A National Cancer Institute Comprehensive Cancer Center


Patient Stories



Episode Five: Cervical Cancer

Episode Five: Cervical Cancer

Download Episode Five to your computer or preferred device (mp3, 25.3 MB)
27 minutes. Originally aired on January 12, 2010.
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Since the Pap test was introduced in 1947, the number of women with cervical cancer in the United States has gone down drastically—by 75%. This easy, inexpensive, accurate, and painless test detects early changes in the cells of the cervix. These changes, a pre-cancerous condition known as dysplasia, are completely treatable if found early. If left untreated, dysplasia can develop into cervical cancer. That is why routine screening with a Pap test is so important.

In this episode, Dr. Leslie R. DeMars, Director of the Gynecologic Cancer Program at the Cancer Center, discusses cervical cancer and Pap tests, as well as HPV (human papillomavirus). HPV is the cause of almost all cervical cancers. Dr. DeMars says that testing for HPV has made Pap tests even more accurate, and a vaccine is available to prevent HPV infection. This vaccine, the first cancer vaccine ever approved, is recommended for girls aged 11 and 12.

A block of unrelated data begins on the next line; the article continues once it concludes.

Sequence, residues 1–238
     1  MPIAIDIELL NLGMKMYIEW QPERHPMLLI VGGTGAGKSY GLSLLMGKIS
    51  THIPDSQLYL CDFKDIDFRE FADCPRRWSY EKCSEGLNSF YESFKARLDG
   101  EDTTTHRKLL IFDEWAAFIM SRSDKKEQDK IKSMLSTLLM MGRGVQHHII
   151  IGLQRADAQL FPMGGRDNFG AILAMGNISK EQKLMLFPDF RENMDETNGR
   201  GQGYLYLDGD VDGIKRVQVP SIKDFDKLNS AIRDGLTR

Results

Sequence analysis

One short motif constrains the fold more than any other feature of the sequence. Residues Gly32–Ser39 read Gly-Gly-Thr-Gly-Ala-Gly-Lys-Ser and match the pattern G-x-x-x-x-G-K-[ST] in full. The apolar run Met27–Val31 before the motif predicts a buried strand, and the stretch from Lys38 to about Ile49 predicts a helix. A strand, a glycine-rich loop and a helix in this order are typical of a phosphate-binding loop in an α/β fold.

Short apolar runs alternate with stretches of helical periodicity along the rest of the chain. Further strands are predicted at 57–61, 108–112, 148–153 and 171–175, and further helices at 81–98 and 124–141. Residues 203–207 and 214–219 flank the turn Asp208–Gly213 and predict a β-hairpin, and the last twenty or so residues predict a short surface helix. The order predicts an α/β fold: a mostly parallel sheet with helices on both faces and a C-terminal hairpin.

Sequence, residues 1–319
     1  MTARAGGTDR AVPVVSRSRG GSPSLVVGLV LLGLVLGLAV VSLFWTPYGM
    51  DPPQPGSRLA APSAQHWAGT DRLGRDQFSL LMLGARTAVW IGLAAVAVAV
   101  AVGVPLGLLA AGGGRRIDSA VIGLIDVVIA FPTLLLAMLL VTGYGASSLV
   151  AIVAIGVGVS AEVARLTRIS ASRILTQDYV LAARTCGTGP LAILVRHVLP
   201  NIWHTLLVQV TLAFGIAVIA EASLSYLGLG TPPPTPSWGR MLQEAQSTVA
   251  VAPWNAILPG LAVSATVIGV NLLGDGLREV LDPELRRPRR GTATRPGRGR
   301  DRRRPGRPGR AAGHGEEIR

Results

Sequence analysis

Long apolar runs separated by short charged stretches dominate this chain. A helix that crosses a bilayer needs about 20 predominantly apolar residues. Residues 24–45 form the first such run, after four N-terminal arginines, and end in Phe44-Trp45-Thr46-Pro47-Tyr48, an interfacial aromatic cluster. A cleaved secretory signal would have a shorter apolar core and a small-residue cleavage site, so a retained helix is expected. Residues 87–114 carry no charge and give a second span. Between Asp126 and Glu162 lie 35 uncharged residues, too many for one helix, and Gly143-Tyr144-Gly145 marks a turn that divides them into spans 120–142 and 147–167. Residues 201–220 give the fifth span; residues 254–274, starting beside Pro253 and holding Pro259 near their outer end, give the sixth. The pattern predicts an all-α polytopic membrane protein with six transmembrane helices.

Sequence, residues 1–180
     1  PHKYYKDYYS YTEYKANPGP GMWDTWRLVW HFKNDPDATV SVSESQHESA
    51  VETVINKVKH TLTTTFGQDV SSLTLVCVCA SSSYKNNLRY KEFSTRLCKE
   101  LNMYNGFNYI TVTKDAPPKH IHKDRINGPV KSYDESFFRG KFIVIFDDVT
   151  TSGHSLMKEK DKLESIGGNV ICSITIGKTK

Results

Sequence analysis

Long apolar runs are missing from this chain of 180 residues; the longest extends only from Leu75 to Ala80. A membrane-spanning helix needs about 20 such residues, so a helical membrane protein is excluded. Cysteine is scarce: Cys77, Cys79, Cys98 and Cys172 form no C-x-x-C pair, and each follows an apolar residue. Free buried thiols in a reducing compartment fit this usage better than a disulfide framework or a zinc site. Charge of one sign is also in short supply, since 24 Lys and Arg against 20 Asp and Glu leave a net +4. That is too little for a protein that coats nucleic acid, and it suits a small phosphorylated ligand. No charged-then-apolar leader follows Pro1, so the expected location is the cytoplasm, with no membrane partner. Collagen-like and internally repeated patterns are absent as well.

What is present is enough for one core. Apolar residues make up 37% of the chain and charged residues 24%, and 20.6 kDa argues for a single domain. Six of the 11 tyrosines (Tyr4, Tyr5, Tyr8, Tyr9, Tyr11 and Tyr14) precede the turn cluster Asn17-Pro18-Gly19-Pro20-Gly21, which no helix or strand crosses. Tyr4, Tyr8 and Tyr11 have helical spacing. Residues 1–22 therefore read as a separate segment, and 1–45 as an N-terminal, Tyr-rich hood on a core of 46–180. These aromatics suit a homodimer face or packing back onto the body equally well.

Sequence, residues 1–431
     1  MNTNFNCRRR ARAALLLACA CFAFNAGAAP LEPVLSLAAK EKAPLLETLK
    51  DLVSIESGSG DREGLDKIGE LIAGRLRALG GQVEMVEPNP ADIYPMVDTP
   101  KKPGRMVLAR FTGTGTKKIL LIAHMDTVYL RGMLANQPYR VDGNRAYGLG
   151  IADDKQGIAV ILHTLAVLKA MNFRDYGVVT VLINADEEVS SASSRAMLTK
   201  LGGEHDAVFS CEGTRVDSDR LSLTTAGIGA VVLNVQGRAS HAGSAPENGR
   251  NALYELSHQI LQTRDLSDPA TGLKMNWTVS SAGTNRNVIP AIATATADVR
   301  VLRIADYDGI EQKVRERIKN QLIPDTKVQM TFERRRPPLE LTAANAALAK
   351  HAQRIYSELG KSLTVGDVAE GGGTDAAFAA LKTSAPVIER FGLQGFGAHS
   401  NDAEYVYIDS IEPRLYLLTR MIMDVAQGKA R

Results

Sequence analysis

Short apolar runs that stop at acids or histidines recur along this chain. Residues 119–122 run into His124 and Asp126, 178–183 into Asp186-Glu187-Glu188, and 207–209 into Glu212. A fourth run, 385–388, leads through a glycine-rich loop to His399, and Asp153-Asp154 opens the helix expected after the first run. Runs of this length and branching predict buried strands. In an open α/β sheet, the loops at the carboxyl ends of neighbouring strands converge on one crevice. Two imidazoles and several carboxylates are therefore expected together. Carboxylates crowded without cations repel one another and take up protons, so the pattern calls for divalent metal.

Joining Dr. DeMars and host Jack Heath is a cervical cancer survivor named Theresa. Theresa was diagnosed in November 2008, and underwent a radical hysterectomy for her treatment. That was followed by chemotherapy and radiation, which is needed by only 15% of women with cervical cancer. Theresa talks about her experience, beginning before her diagnosis, and shares with listeners that she is now doing very well and is back at work.